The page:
drawing the lines

sharing online

How do you decide what you share online -and what do you hold back? It’s something that regularly comes up often during mentoring conversations – our sessions invariably slipping a little into blogging too (& one of the reasons I’m changing things up). Where do you draw the line?

Authenticity is still the hashtag du jour online, and for most of us it’s roughly the reason we started; to have a voice, to tell our side of the story, however quiet.
Not only that, but honest content has the most value too. In a world of makeup hauls and ‘my nice Saturday’ posts, something raw and real resonates and reaches out, has the potential to make a little butterfly-flutter of an impact. Most of the time that thought is the only reason I bother to get up and do this at all. “There are some things that you can’t know unless you’ve been there, but oh how far we could go if we started to share.”

But where do we draw that line, between the truth & oversharing? How do we put our honest selves out into the limitless, permanent world of the internet, and trust we won’t feel over-exposed? It’s tempting to be simplistic: I won’t write about my kids; I wont name my partner. For some this seems to work, but it doesn’t really address the issue – what are we keeping just for us – and how close can we walk to that line? The adage that ‘everything is content’ is true, to an extent – but when you’re trying to balance a personal life and other priorities, it’s important to know where your boundaries lie.

A column not a blog

One of the most helpful revelations I ever had in regards to blogging was to stop viewing framing it as such; I don’t like the word ‘blog’, or much that it conjures up. I’ve never really identified with it.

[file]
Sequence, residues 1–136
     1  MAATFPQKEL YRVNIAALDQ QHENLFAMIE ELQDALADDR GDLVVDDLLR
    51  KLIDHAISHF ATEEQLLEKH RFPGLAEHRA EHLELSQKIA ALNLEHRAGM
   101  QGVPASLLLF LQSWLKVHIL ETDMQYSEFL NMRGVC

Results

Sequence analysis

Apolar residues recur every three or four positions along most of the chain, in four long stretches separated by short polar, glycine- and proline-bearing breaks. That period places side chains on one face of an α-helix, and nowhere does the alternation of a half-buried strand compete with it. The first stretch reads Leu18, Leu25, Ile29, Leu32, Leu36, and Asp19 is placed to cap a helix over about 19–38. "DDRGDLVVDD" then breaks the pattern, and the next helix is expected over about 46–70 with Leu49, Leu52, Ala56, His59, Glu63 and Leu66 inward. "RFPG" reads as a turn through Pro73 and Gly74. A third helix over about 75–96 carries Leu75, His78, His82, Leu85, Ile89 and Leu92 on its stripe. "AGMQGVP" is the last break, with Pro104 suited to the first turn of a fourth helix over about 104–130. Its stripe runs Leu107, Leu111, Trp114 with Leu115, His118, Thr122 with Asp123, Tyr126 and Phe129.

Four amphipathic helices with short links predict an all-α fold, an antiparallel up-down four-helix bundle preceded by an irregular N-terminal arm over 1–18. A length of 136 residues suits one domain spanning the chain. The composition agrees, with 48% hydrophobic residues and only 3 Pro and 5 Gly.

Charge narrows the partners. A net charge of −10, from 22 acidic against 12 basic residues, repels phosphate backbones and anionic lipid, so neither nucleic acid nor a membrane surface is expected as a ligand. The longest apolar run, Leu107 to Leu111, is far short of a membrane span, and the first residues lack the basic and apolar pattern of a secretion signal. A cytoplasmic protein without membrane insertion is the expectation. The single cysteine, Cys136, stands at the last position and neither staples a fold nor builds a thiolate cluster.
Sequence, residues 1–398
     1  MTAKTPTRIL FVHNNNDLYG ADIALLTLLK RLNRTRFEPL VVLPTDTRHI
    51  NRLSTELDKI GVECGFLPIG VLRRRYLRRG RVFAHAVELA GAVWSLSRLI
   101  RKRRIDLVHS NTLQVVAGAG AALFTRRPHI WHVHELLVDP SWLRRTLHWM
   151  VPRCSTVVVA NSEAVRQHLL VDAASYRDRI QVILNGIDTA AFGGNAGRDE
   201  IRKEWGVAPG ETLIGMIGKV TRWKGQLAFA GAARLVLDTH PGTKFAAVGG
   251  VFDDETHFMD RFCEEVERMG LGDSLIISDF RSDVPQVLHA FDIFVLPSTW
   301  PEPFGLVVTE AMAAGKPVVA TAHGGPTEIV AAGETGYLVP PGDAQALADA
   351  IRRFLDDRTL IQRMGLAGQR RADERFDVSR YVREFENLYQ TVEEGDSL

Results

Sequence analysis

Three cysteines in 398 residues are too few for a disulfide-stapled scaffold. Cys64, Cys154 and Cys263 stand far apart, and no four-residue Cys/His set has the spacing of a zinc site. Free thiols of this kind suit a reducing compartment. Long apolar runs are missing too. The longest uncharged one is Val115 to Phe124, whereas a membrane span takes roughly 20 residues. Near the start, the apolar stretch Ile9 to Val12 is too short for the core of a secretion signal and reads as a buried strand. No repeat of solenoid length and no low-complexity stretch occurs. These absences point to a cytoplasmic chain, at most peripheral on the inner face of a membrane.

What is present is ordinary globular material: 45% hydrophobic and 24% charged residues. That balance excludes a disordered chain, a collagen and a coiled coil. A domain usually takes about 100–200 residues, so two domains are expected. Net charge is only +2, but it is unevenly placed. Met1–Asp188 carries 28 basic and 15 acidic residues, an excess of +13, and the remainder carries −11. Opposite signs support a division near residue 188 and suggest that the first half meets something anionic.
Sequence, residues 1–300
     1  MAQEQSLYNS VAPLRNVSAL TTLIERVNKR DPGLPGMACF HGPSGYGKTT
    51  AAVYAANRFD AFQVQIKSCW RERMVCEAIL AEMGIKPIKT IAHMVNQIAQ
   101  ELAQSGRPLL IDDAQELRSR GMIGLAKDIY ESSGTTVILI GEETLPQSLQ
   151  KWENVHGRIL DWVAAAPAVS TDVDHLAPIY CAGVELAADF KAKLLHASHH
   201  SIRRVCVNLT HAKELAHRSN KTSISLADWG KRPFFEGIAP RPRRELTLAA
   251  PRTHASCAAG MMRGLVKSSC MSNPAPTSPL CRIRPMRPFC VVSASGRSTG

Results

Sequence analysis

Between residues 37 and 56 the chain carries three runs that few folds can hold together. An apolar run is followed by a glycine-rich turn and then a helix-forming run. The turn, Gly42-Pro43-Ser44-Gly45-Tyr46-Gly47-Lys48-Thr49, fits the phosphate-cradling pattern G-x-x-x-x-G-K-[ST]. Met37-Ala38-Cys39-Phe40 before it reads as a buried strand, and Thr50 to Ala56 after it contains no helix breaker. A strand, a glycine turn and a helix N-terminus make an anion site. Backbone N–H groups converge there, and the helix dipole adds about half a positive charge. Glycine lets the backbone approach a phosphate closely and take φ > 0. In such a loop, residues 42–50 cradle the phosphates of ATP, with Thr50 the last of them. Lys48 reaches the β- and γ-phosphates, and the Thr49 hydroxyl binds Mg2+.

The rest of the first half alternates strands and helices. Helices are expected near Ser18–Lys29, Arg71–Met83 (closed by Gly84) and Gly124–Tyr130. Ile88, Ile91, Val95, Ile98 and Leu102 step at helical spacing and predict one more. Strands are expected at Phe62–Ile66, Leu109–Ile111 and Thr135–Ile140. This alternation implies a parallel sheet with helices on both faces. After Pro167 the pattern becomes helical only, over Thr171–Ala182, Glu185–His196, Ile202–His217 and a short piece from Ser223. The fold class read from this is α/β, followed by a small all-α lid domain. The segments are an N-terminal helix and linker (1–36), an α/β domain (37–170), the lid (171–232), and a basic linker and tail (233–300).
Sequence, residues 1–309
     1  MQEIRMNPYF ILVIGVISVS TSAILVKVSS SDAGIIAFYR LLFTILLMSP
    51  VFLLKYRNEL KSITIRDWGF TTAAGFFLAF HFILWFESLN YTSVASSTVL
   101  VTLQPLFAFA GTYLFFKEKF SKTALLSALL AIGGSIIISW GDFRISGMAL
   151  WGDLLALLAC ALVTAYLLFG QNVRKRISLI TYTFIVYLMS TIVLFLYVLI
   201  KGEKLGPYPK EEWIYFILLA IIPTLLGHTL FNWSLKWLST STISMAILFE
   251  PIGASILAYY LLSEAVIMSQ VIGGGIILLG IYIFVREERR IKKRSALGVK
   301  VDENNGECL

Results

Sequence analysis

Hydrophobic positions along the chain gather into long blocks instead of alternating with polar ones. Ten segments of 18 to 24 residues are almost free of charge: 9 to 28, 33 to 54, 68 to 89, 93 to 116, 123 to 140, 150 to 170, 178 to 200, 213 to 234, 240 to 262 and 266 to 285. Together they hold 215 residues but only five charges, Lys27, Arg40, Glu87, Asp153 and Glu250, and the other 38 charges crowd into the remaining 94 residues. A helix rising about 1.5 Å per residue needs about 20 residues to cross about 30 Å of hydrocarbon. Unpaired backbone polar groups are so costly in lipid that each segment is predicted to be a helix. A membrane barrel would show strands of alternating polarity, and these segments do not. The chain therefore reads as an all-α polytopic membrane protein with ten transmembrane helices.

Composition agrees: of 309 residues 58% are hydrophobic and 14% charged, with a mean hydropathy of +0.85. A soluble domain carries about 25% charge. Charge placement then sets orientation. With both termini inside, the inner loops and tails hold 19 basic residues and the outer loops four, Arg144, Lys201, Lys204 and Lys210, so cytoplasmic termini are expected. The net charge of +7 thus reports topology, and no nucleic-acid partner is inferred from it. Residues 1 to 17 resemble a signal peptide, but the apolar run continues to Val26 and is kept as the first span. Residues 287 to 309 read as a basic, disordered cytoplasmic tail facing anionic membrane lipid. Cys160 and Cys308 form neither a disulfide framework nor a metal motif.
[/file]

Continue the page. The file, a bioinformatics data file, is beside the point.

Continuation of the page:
What I wanted to write,  I realised, was not a blog but a column. Columnists write the weekly content I love to consume. They’re not limited by tight subject fields or personal branding; they write what they’re thinking about, and it’s always ‘on-message’ because their column is about themselves. Immediately I felt more free: like a tiny, self published Cailtin Moran; an aspiring Hadley Freeman. Women who write openly and vulnerably and who were tackling the question of what to include long before professional blogging came along. Women who know their shit, and when to spread it.

the lag time

I’ve found when it comes to the painful parts of life, time is a great blogging asset. Letting a post sit in your drafts gives you some distance to feel it all less intensely, whilst providing some valuable thinking time. Sharing the bad times is one thing, but sharing the lessons you learnt with reflection is a whole lot more useful and wise.
A little distance leaves you less vulnerable should any of the comments or responses be less than compassionate, too. If you’re anything like me, you need to be in a calm and clear-headed place to be able to deal with that sort of nonsense. So, I write the post, then pour energies into restoring my happiness again. I can tackle the opinions of the rest of the world once I’ve re-established my equilibrium.

FIVE

Impact on others

This is perhaps the most difficult thing to navigate – what can we say about other people without their consent? It applies to our children & partners, our colleagues & friends; both the people who help and support us and those that drag us down.

There’s a quote I hold dearly to, by Anne Lammott:

“You own everything that happened to you. Tell your stories. If people wanted you to write warmly about them, they should have behaved better.”

I stand by this, every word of it; and yet, we can’t write in a vacuum. There are repercussions to everything we share, sometimes unseen or unexpected. I have so much to say about my dysfunctional family; about the way they see me and my choices, about the way they navigate the world. From private conversations I know it’s a topic that would resonate with many, and that, on a personal level, would be incredibly freeing and healing to share. Yet, the fallout would be nuclear; the resulting misery greater than anything I might gain. & no matter how much they ignore it or resent it, those people are still here, creeping, reading, and so the bulk of it stays unsaid for now.  A little more distance, perhaps. A little more time.

Where do you draw the lines, & how close do you get to the edges?